cert: fs.readFileSync('postgres-certificate.crt').toString(),
          },
    });
 
    await client.connect();
    console.log('Connected to Postgres!');

    return client;
}catch(err){
    console.error(err);
}

})();

	

We import the Client class from the pg library, the environmental variables in the secrets file, and the fs module. The fs module is used to read file contents in NodeJS. We initialize the client variable and check if the client object already exists when the connectPG function is called. This allows the reuse of Postgres connections instead of making a new connection on every request. When the client object does not exist, a client object is created using the connection details from the environmental variables. The fs library reads the postgres-certificate.crt contents and adds it to the SSL property. Lastly, we connect to Postgres and return the client object of the connection. The function is self-invoked.

Redis Connection

The redis connection follows a similar pattern to the Postgres connection. Create the redis file from the project folder using the following command

$ cd configs && nano config.db.redis.js

The code in the file is as follows

const Redis = require('ioredis');
const { secrets } = require('./config.secrets.js');
const fs = require('fs');

let client;
exports.redisDB = (async () => {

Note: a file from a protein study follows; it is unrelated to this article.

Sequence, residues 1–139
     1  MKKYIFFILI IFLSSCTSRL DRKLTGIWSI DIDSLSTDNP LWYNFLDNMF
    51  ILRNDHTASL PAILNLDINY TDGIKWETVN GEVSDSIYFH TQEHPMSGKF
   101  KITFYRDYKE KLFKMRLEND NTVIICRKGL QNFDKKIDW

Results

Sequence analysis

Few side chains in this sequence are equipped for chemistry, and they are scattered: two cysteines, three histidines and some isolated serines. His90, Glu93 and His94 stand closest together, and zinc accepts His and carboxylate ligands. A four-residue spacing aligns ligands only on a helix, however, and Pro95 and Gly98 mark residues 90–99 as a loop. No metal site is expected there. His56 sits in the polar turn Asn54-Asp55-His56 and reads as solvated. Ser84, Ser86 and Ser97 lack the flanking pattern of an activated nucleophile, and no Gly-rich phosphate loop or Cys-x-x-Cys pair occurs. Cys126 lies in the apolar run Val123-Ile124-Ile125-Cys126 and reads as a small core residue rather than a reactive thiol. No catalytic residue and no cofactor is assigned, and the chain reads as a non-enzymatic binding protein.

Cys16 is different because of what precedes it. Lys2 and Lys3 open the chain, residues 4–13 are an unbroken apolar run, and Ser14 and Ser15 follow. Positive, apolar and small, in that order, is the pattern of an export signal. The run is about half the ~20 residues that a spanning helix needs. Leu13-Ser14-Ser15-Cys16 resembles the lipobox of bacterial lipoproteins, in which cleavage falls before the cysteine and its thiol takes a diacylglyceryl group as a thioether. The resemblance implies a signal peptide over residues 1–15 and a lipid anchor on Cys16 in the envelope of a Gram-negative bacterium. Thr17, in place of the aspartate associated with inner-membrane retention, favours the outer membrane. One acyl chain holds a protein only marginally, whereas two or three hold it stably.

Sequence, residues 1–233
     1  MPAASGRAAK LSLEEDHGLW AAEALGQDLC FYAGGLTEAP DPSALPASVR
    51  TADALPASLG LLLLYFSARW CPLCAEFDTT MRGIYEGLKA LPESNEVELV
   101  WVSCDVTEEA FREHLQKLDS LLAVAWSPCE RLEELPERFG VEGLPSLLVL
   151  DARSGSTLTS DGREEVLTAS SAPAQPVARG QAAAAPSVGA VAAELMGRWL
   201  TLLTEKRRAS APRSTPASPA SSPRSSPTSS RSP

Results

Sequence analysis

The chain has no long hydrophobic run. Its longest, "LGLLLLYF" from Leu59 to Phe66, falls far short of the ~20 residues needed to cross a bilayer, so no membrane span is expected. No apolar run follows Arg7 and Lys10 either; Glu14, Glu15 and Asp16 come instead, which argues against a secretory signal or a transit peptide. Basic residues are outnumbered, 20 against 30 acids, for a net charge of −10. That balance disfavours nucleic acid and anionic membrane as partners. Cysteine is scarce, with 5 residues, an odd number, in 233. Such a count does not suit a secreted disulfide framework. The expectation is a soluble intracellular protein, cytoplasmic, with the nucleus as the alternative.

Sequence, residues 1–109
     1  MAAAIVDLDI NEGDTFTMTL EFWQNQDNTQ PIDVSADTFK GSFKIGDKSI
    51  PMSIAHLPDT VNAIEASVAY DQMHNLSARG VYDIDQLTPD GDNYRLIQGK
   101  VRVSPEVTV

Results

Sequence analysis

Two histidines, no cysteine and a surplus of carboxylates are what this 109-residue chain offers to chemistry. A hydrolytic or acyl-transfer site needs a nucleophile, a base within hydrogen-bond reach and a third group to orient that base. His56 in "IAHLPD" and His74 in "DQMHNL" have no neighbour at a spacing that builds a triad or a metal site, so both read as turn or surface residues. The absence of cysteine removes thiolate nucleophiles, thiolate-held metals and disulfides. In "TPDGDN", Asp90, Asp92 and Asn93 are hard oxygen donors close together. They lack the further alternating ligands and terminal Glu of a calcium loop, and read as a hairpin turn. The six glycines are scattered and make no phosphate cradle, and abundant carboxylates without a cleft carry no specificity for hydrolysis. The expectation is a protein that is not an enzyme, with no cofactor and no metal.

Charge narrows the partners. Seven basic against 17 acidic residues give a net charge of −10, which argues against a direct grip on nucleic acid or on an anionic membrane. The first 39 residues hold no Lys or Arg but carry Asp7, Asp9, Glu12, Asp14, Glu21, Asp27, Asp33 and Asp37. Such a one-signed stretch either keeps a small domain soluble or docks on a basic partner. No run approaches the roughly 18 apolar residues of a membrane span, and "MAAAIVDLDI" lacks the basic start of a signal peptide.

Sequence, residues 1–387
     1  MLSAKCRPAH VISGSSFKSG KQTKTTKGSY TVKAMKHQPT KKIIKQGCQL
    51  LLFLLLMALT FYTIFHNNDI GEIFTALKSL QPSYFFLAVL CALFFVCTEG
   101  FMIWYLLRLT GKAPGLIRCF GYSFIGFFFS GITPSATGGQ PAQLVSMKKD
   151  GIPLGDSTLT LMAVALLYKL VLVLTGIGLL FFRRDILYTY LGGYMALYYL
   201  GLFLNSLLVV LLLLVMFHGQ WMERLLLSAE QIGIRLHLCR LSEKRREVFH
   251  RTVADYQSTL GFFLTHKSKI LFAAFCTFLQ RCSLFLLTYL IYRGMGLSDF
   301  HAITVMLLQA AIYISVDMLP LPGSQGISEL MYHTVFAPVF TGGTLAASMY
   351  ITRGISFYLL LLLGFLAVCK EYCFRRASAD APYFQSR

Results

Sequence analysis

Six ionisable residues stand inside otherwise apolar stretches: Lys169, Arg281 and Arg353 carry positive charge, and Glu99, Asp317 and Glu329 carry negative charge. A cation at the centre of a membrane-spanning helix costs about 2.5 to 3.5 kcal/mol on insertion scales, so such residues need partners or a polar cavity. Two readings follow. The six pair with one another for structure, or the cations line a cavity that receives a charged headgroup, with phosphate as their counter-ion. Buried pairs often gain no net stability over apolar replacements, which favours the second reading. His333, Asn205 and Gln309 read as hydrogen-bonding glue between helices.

if (client) return client;
  try {
   
    console.log('Connecting to Redis DB...');
    const client = new Redis({
        username: secrets.REDIS_USERNAME,
        host: secrets.REDIS_HOST,
        port: secrets.REDIS_PORT,
        password: secrets.REDIS_PASSWORD,
        tls: {
            cert: fs.readFileSync('redis-certificate.crt', 'ascii')
        }
    });
  
    await client.on('connect', () => {
        console.log('Connected to Redis!');
    });
  
    await client.on('error', (err) => {
        console.error("Redis error ",err);
    });
   
    return client;
    } catch (err) {
      console.error(err);
  }
})()

The code connects to redis using the ioredis package and the connection details from the .env file via the secrets file. We specify the cert parameter in the tls object by reading the contents of the redis-certificate.crt using fs module.

Controllers

The controller ties everything together. The controller will have two functions. One function will be handling GET request and the other will handle the POST requests while interacting with the two managed databases.

While in the project folder, create the controller file:

$ mkdir controllers && cd controllers && nano controller.blog.js

The code in this file is as follows:

const { redisDB } = require('../configs/config.db.redis.js');
const { connectPG } = require('../configs/config.db.postgres.js');

const getBlogs = async (req, res) => {
const { id } = req.params;

 try {

const redisClient = await redisDB;
const jsonString = await redisClient.get(id);

if (jsonString !== null) {
  console.log('Data from Redis');
  const dataFromRedis = JSON.parse(jsonString);
  return res.status(200).json(dataFromRedis);
}

const pool = await connectPG;
const { rows } = await pool.query(`SELECT * FROM blogs`);